To run RabbitMQ, we'll use Docker Compose. Running RabbitMQ with Compose is as simple as running the below command from the src folder:
    docker-compose up
    If everything correctly initialized, you should expect to see RabbitMQ's logs emitted by Docker Compose on the terminal:
    To shutdown Compose and RabbitMQ, either click Ctrl-C or run:
    docker-compose down
    Finally, to remove everything, run:
    docker-compose down -v

    Testing the Application

    Open the project from Visual Studio 2019, and run it as debug (F5) and VS will open 2 windows - one for RequestSvc and another for ResponseSvc. RequestSvc looks like this:

    Go ahead and run some queries. If you got your debugger running, it will stop in both services allowing you to validate the exchange between them. To reduce Razor boilerplate the project uses VueJS and AxiosJs so we get responses in the UI without unnecessary roundtrips.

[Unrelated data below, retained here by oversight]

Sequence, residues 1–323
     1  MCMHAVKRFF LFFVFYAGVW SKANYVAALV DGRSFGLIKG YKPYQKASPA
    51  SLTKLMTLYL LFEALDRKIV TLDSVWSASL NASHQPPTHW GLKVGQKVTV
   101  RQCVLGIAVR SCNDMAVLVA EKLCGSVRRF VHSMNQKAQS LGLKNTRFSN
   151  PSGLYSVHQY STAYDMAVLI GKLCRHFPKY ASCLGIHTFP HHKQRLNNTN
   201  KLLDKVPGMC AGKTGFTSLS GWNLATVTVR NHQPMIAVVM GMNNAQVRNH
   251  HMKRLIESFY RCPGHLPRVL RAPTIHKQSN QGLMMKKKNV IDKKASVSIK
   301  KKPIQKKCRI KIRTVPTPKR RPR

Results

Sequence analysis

RabbitMQ's Management Interface

    The last thing worth mentioning is how to get to RabbitMQ's management interface. This project also allows you to play with RabbitMQ at http://localhost:8012. By logging in with guest | guest and clicking on the Queues tab you should see something similar to:
    RabbitMQ is a powerful message-broker service. However, if you're running your applications on the cloud, I'd suggest using a fully-managed service such as Azure Service Bus since it increases the resilience of your services.

    Final Thoughts